Crazy Dam Fever Plagues China!

Posted on: July 10th, 2012 by Harmony Foundation No Comments


The 185-meter-high Three Gorges Dam was the biggest water dam in the world when it was completed On May 20, 2006.  The construction displaced millions of people and has had enormous environmental impacts during construction and beyond.

While the Chinese government was proud of creating this “miracle,” huge environmental impacts started to hit China soon thereafter. In the spring of 2011, seven central and eastern provinces and Shanghai were experiencing serious water shortages. This was the driest season in China in 50 years. While authorities blamed the problem on global warming, many experts dismissed such claims, recognizing that more frequent and longer lasting droughts occurred since the huge dam came on stream.


Criticism of the environmental, ecological and social damage from Three Gorges Dam has never cooled down, yet the fever for hydroelectric dam construction keeps getting even hotter despite scientific warnings. According to a June 2nd 2011 article from China [1], there were over 5200 dams over 30 metres high in China either constructed or under construction. You can say that along any well-known river in China there are hydroelectric dams. By 2020, most planned hydro projects will have been completed in nearly all areas except Tibet, and now China is focusing its thirst for hydro to Jinsha, Lancang, Anger River and Yarlung Zangbo Rivers in Tibet.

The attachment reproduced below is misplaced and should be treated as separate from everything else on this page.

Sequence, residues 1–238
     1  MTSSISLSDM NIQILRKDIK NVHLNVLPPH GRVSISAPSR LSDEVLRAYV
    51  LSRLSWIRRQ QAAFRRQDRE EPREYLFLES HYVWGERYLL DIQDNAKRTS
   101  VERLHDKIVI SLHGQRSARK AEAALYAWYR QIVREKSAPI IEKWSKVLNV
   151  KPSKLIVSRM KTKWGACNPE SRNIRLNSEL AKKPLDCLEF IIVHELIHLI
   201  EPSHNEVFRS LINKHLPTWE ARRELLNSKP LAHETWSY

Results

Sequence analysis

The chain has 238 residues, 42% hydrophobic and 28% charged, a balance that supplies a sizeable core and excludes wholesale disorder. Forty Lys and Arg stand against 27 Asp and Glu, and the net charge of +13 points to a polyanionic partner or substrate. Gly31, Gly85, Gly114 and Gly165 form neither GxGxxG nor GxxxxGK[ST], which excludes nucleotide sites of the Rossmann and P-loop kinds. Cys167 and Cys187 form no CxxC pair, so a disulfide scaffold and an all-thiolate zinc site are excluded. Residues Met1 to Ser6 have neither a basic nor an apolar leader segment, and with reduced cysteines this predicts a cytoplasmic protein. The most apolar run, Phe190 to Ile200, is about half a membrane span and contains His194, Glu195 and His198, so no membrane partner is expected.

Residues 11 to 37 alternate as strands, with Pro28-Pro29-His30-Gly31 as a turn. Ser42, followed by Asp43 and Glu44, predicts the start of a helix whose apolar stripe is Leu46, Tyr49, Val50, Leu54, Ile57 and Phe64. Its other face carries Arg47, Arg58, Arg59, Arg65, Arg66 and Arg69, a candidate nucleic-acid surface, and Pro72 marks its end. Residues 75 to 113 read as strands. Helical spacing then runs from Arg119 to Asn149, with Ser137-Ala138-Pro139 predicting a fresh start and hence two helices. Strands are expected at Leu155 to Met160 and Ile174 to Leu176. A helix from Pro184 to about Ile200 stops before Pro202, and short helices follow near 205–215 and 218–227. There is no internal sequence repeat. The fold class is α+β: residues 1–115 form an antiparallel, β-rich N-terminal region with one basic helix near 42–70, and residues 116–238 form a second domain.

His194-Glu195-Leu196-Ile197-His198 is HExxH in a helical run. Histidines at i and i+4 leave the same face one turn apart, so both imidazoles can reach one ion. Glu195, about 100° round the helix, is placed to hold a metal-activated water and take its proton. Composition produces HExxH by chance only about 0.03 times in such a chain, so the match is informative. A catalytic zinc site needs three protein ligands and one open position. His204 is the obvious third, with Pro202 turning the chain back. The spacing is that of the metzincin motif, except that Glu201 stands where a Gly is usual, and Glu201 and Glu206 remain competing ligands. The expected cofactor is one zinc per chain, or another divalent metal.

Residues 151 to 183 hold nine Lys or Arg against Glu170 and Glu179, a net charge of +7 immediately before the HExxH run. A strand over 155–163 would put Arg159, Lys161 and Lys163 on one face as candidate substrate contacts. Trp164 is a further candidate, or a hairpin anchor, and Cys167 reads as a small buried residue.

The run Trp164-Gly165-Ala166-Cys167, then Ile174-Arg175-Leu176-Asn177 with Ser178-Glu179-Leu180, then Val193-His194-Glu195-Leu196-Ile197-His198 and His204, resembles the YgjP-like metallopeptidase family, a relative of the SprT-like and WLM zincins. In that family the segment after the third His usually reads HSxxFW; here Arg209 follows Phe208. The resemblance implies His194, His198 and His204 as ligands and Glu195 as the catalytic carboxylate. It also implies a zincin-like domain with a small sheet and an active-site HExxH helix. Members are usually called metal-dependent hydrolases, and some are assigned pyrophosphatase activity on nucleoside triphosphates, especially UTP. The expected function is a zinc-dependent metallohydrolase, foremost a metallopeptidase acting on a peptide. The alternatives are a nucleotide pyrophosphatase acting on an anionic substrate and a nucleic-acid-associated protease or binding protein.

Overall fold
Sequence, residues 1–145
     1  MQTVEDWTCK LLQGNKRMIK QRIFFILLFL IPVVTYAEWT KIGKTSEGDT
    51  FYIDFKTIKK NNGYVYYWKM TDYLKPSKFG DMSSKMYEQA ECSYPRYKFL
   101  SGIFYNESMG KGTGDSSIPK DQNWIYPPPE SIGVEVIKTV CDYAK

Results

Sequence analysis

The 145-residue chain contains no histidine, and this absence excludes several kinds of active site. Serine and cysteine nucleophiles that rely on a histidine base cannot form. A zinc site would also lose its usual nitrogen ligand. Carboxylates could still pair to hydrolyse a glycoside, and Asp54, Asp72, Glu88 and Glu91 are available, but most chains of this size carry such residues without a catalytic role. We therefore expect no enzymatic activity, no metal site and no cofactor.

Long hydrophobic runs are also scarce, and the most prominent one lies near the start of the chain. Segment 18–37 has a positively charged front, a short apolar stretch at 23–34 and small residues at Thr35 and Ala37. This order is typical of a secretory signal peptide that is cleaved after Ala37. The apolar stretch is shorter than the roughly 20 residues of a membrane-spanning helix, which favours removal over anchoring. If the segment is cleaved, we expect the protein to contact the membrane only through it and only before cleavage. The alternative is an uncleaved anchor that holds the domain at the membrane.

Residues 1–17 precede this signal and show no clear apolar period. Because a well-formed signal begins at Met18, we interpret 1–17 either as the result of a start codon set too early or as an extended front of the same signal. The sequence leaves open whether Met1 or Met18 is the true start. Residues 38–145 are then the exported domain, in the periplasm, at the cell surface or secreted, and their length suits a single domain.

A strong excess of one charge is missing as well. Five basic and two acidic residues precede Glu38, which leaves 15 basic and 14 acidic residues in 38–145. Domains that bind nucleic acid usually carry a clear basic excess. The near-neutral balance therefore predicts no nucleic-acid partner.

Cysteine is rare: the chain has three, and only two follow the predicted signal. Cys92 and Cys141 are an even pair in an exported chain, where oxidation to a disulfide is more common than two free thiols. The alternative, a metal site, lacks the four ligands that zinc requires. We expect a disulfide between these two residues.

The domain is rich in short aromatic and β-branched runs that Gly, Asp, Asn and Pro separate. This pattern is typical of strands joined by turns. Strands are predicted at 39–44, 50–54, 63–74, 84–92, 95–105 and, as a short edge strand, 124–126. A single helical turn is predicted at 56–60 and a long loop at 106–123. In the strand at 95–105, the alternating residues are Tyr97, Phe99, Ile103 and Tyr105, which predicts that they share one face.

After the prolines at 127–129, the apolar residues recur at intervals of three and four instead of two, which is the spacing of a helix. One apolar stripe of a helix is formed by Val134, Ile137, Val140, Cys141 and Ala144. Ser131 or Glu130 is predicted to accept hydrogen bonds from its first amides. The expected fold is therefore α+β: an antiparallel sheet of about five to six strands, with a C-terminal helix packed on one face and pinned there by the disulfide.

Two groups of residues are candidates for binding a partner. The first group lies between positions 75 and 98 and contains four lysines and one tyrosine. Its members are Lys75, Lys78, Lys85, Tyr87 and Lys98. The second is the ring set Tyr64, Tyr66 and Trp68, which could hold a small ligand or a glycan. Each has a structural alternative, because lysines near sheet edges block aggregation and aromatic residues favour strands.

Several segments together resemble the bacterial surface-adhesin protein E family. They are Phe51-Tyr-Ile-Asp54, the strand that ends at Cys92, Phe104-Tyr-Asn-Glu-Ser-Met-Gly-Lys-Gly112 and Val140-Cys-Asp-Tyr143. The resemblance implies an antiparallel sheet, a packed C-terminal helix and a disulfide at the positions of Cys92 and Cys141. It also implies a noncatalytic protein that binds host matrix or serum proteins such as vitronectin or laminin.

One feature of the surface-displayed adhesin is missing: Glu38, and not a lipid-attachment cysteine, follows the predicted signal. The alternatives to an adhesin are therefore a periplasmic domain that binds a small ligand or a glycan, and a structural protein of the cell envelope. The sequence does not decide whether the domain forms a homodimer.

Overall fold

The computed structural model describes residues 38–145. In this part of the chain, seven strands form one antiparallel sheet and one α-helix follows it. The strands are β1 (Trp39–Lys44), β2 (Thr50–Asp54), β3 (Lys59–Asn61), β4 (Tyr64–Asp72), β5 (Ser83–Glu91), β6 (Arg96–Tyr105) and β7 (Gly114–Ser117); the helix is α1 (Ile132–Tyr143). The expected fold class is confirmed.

The Yellow River, the “cradle of Chinese civilization,” is the second-longest river in China after the Yangtze and the sixth-longest in the world at the estimated length of 5,464 kilometers.  Over 3300 dams were built along it, and it eventually dried out. For nearly the entire year of 1997, no water at all flowed into the sea from the Yellow River. [2]


The Jiulong River in the south of China, the mother river, once flowed through Longyan, Zhangzhou and Xiamen cities. Then the Jiulong River disappeared; cut into hundreds of unconnected ponds. The ecology along river is totally changed. In Zhangzhou alone, there were 920 hydroelectric plants in 2010; while in Longyan, the number already reached 1072 by 2007.  In Zhangzhou, over 100 fish species are extinct, and in Longyan, over 30 more vanished from the river. [3]


Apparently China didn’t learn the lessons from either the Yellow River or the Jiulong River. The same tragedy is happening to the Yangtze River now.


The Jinsha River, about 2308 kilometer long with catchment area of about 500 thousand square kilometer, is upstream from the Yangtze River. Its watercourse contributes about 40% of the Yangtze River. The Jinsha River will be divided into many sections by 25 hydroelectric dams under planning, which will generate as much electricity as four Three Gorges Dams put together, and become a gigantic cluster of reservoirs with an average of one hydroelectric dam every 100 kilometers.


Chinese geologist Fan Xiao of the Sichuan Geology and Mineral Bureau in China warned that the Yangtze River will run dry with so many dams along the river, that their combined reservoir volume would exceed the Yangtze’s flow.